Saturday, November 7, 2015

What I Do When I'm Not Doing Anything

I've spent the last week in a haze. I don't mean this poetically. My vision (a challenge over the last year - one of those I really don't feel like discussing) has been particularly fuzzy. My head is actually heavy (but not painful, happy to report). I'm encircled in the kind of exhaustion that only the onslaught of hard-core international travel, death and loss of daylight can produce. I feel dissociative.

This weekend, I'm calling a time out. It began last night at Enoteca Sociale (my current local), eating gorgeous blue cheese (with candied pecans, made onsite - the key is deep frying), the best dense, sourdough bread in the city, soaked in copious amounts of olive oil (I don't like bread, but I'll make an exception here). I moved onto gnocchi with a smoked tomato sauce and dollop of silky ricotta. Somehow I resisted dessert - the wine pairings helped. I didn't waste my time with vegetables. Everything ingested was to soak up the floatiness and replace it with grounding. And seriously, if you care about service - amongst my most coveted requirements - you cannot go wrong here. Our Enoteca server friends bring a beautiful experience.

Peeps, if your world is uncertain, eat Italian. I mean, really good Italian.

Next week will go back to craziness at work, each evening occupied by some activity (more often than not meeting with architects and design-build firms, cuz we've got to do that reno I've been avoiding). But for the next 2 days, I'm sitting on my couch with knitting and a book. There will be some yoga. I may make a chicken pot pie. Convivially, I will drink a couple of bottles of wine.

A propos of reading and knitting, I'm fortunate to have some good things on the go:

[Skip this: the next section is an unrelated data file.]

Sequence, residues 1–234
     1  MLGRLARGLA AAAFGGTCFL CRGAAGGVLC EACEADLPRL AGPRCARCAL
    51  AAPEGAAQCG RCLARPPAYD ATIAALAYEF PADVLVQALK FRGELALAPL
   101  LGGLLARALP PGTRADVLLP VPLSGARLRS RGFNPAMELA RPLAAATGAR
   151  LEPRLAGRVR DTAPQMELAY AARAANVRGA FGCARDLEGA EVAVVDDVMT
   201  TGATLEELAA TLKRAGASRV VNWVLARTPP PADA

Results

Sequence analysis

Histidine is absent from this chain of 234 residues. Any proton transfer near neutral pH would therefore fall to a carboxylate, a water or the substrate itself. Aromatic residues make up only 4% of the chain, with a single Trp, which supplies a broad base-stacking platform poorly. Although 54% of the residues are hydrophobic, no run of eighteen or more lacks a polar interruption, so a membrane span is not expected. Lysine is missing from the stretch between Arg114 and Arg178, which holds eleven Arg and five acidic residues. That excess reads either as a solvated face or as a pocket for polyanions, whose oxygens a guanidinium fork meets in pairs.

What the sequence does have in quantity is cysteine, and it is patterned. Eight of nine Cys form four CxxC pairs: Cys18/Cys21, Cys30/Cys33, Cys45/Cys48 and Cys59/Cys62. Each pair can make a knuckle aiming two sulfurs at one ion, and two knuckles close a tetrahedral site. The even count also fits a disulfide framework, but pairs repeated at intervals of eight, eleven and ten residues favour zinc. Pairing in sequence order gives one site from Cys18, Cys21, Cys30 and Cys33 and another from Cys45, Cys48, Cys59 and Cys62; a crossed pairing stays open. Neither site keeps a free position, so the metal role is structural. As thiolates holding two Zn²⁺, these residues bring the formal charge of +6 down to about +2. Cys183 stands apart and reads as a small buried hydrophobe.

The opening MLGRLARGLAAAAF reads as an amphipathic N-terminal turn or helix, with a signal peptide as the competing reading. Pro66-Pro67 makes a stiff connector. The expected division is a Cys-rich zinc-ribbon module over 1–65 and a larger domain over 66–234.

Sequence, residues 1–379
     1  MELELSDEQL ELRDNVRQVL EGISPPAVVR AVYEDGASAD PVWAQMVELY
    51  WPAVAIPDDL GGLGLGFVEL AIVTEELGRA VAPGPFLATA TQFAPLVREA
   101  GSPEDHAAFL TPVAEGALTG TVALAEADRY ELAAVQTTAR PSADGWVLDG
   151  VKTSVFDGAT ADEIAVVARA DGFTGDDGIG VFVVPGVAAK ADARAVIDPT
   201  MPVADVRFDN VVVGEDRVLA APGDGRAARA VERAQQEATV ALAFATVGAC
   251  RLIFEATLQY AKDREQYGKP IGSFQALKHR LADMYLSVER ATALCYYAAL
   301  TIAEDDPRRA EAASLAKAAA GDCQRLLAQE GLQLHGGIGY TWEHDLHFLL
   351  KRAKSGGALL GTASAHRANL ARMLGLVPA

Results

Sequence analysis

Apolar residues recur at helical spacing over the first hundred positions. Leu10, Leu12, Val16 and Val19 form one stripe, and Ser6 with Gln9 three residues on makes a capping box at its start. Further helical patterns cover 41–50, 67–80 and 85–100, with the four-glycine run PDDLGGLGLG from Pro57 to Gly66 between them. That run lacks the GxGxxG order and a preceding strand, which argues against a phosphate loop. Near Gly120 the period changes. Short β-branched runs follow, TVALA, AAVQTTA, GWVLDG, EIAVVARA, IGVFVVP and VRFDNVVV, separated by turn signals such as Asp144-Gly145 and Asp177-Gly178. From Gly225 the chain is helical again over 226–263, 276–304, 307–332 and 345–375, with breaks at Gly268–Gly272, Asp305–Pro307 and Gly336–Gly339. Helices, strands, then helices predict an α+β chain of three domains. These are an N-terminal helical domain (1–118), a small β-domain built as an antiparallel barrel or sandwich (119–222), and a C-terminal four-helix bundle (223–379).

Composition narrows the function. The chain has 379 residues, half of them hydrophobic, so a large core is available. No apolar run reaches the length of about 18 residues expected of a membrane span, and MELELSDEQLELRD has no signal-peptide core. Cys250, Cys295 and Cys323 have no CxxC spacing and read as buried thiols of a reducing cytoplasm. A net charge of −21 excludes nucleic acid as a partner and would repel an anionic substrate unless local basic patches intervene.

The Knitting: Do you know this pattern?

L'enveloppe by Sally Melville
It's one of those very interestingly constructed, hybrid garments. It's either going to be great or hideous - but I'm up for it.

I'm using a yarn which is currently NOT impressing me: Rowan Super Fine Merino Aran in the Soot colourway. It does have lovely drape and it's a very nice grey meets black, but Lord, it's splitty. I had to buy a bamboo needle with very pointy ends, just to accommodate it, and I still need to be careful because the yarn is barely plied. You can actually untwist it by hand and see the numerous threads that make it an aran-weight yarn. Mind you, it is machine washable.

Since superwash yarns are notoriously expansive after blocking, I opted to use a size US8 needle which got me a horizontal gauge of 16 stitches in 4 inches and a fabric that coheres. The pattern actually gives you any number of choices to achieve 4 different gauges and numerous different sizes in those gauges. I actually find it more complicated than helpful, but if you want to use yarns of a variety of thicknesses, theoretically, you can.

I did swatch and block before starting this project because it's a fitted garment, to some extent - and I wanted to feel confident about the sort of drape the final fabric would produce. I was inclined to use a US9 needle (not that I ever knit anything with needles that big - even a US7 is an oddity for me), but the fabric would have been too open for my liking. I think this garment looks sloppy when the fabric is loose.

I've finally come to an understanding that, if one must be careful about one's knitting volume (for reasons of pain), it only makes sense to knit with bigger yarn on bigger needles. Fingering yarn on a US1 is 8 times the work of aran yarn on a US8 needle. Not to mention that aran yarn knits fast. Yeah, socks are always going to be a slim-gauge undertaking but they don't use a lot of yarn in the scheme of things. I sense my days of fingering-gauge sweaters are over for the foreseeable future (famous last words).

The wildcard here is the size. I'm making the small - which is a 32-34 in the bust.  Now, the yarn (being of larger gauge) has more stretch-per-inch than a smaller-gauge one would. Not to mention, I'm a narrow person in the shoulders (where fit matters most in this garment). In fact, I'm surprised it doesn't give measurement by shoulder instead of bust circumference. Moreover, the next size up is 36-38. Where does that leave 35 inches? Point is, I don't think the sizing info is particularly robust (and oversized versions look unlovely in the photos) so I'm erring on the small side. We'll see how that plays out.